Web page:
This was a keyboard much more significant than my 4700. It belonged to an important airline reservation computer. Its late art deco style reminded computer keyboards existed decades before home computers. Its function keys – above the keyboard! – were among the first, and even the blue colour was part of the tale (IBM was known as “Big Blue”). This was exactly the kind of visual storytelling I wanted in my book.
But the photo was just a random snapshot, not good enough for the book. I reached out to the photographer to ask where they found the keyboard, and he got back to me rather quickly, mentioning he found it years ago at North Carolina Transportation Museum.
This sent me pacing through my room. I looked at my map, bookmarked with many keyboard-related destinations, but both North Carolina and even states next to it were blank. Would I travel to this museum and back just to take a higher resolution photo of this keyboard? Or would I hire someone to do it for me? And, even if I did, what would I do with this keyboard’s rough shape? Its bad condition wasn’t telling an actual story, and I didn’t imagine the museum would allow someone to arrive with windex, denatured alcohol, and baking soda.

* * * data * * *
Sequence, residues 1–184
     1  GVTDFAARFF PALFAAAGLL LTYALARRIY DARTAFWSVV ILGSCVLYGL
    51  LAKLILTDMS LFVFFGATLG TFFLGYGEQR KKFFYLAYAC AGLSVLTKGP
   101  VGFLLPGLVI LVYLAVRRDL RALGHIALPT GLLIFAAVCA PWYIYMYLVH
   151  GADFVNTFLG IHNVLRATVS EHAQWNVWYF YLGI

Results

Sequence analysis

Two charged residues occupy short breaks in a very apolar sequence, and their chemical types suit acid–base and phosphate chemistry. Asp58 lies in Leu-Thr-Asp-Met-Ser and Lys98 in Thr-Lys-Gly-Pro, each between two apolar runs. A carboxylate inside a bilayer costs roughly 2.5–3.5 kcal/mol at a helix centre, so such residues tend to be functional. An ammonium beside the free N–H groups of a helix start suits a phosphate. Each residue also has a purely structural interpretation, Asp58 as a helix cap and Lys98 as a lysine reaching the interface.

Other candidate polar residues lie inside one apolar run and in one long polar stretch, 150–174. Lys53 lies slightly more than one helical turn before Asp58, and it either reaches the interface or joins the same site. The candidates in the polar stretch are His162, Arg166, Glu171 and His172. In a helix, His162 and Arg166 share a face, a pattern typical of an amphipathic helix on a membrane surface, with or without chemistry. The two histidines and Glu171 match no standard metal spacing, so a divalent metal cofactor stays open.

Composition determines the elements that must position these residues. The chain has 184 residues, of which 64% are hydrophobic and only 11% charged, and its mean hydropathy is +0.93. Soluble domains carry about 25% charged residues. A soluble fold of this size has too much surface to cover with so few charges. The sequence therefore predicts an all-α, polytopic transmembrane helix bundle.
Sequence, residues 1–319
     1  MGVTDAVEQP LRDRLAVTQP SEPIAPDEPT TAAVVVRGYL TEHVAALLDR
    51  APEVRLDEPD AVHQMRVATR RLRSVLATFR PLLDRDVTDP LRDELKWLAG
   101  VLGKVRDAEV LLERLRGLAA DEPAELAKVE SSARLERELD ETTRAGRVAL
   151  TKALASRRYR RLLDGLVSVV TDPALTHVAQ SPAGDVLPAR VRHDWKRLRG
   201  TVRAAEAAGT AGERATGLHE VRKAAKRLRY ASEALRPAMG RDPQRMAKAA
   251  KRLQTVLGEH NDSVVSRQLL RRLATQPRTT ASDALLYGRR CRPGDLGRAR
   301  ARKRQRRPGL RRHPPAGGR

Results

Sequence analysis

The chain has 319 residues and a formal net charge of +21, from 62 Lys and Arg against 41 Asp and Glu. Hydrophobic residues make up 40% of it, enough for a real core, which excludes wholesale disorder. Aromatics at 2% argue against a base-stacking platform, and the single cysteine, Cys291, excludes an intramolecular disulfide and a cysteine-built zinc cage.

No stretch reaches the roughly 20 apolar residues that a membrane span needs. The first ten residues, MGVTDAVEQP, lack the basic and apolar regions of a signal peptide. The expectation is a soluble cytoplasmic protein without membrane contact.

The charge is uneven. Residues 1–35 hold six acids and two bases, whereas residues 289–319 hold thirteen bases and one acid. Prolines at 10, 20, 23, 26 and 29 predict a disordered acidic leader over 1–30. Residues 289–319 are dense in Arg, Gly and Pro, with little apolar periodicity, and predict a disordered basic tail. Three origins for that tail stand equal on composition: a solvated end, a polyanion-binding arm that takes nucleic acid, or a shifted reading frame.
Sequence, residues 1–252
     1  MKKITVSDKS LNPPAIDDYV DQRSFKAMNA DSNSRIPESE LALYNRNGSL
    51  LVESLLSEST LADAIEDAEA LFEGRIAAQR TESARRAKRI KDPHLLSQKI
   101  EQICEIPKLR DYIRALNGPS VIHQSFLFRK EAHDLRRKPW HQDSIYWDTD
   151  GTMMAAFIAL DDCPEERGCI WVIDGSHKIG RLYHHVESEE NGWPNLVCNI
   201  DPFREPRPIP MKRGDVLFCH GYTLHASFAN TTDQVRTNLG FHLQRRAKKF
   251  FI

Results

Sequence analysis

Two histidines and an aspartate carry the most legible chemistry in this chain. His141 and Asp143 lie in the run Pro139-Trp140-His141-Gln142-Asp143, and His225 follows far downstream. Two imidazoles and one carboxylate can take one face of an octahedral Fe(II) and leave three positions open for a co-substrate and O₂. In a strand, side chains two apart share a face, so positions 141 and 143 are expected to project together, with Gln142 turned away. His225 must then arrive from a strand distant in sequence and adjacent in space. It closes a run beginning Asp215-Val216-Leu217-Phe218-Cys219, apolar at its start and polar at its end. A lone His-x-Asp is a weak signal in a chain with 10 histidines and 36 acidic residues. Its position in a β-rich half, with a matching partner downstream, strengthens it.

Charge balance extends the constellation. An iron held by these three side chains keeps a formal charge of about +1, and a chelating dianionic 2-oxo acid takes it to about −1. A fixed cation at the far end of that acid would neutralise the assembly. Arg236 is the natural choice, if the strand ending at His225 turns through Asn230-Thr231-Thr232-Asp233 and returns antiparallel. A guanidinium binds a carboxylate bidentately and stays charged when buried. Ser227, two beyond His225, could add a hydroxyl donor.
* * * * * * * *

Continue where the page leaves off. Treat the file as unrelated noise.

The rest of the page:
I spent a day or two trying to figure it all out. Eventually, I found the unlikely answer to both of the dilemmas. It was… Photoshop.
I downloaded the photo, and the very same things I once achieved with paper towels and solvents, I replicated using pixels on my screen. I got rid of the old tape, I cleaned up gunk from some keys, I took care of the yellowing. I then removed the background and recreated the shadow. Just like before, it was a sequence of small, unimportant steps that led me there. But then I put the original photo and the new one side by side, and I gasped again.